Many athletes with asthma may not be using the best treatment for their condition and could be putting their long-term health at risk. The findings are part of a roundup article featured on the British Medical Journal’s new Olympics portal, an online resource to keep doctors up to date with sports medicine content that will be available until the end of the Olympic and Para-Olympic games held in London this summer.

According to the article, asthma is strikingly common in elite athletes and its incidence has gradually risen at almost every Olympics since the 1970s. In 2004, almost 21% of the Olympic team from Great Britain had asthma compared with 8% of the British population.

A belief that beta-2 agonists could enhance performance led to suspicions that some athletes might be declaring themselves asthmatic in order to take the drugs. However, no studies have found evidence that inhaled asthma drugs improve performance. Tests introduced in 2001 revealed that some athletes had been misdiagnosed while others had asthma without realizing it.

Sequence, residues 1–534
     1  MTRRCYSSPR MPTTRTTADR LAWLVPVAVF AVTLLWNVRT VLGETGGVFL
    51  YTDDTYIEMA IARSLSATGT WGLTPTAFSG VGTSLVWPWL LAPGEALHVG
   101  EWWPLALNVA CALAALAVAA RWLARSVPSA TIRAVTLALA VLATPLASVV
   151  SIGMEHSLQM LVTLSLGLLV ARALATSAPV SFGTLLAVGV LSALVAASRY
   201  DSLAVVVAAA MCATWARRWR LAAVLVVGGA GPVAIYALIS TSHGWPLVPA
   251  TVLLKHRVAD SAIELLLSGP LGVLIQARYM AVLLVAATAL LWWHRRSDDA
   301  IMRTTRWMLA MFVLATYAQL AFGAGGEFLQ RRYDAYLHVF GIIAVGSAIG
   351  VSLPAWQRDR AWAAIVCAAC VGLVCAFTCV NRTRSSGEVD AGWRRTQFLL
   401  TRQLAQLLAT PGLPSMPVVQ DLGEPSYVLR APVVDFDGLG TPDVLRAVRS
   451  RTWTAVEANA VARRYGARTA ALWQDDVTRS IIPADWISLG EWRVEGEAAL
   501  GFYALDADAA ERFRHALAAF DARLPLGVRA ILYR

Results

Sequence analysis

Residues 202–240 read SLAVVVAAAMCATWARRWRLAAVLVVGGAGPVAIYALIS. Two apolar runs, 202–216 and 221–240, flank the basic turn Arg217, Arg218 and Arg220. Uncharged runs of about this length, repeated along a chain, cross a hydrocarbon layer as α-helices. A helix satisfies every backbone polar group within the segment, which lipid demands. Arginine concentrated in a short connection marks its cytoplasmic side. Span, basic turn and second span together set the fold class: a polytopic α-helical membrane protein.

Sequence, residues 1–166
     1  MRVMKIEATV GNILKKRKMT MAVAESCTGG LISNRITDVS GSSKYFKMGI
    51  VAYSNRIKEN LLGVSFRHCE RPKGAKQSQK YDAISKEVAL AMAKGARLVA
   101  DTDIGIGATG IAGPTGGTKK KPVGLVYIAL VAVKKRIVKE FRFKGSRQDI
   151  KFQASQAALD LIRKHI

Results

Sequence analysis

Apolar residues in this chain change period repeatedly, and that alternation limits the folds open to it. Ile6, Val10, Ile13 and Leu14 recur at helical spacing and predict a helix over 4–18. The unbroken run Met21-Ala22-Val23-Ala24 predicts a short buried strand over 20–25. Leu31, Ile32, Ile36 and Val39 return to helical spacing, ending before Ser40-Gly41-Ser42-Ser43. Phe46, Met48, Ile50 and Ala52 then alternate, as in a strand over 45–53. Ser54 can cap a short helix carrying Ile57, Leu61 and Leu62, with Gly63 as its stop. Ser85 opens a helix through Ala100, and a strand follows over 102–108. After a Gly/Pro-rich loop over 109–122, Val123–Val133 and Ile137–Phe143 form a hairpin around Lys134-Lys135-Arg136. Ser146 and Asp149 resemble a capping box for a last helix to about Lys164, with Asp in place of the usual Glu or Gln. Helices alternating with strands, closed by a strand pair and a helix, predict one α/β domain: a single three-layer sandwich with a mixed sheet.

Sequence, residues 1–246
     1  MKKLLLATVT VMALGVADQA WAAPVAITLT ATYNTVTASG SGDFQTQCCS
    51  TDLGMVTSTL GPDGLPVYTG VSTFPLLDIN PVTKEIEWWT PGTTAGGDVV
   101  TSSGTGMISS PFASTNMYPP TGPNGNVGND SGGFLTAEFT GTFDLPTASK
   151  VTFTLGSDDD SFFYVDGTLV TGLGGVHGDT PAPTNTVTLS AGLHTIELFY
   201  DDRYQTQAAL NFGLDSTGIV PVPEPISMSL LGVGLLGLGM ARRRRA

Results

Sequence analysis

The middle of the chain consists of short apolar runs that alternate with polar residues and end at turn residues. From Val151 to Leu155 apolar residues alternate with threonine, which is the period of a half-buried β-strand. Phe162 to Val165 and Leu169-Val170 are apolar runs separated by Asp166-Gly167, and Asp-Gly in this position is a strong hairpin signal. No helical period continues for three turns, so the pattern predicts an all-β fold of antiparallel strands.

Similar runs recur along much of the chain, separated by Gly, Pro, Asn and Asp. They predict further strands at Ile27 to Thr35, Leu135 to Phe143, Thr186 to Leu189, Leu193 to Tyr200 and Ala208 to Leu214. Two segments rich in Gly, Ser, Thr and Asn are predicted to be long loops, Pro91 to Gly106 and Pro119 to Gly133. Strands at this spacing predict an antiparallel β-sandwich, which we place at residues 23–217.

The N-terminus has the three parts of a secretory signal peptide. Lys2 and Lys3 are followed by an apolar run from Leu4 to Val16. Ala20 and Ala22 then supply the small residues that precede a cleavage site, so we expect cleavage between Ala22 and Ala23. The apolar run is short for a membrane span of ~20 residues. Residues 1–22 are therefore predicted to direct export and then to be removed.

This has led to concerns that some athletes may be harming themselves by using the wrong medication. For example, many athletes may have exercise-induced asthma, which needs to be managed and treated differently than full blown asthma.

Still, the article points out that a 2011 study showed that asthmatic athletes have consistently outperformed healthy athletes at every Olympic Games since 2000. Most elite athletes with asthma are able to perform so well because they have a detailed understanding of their condition and how best to control it while still training hard. And scientists now agree that exercise in most people with asthma enhances their lung function and improves their quality of life.

Source: British Medical Journal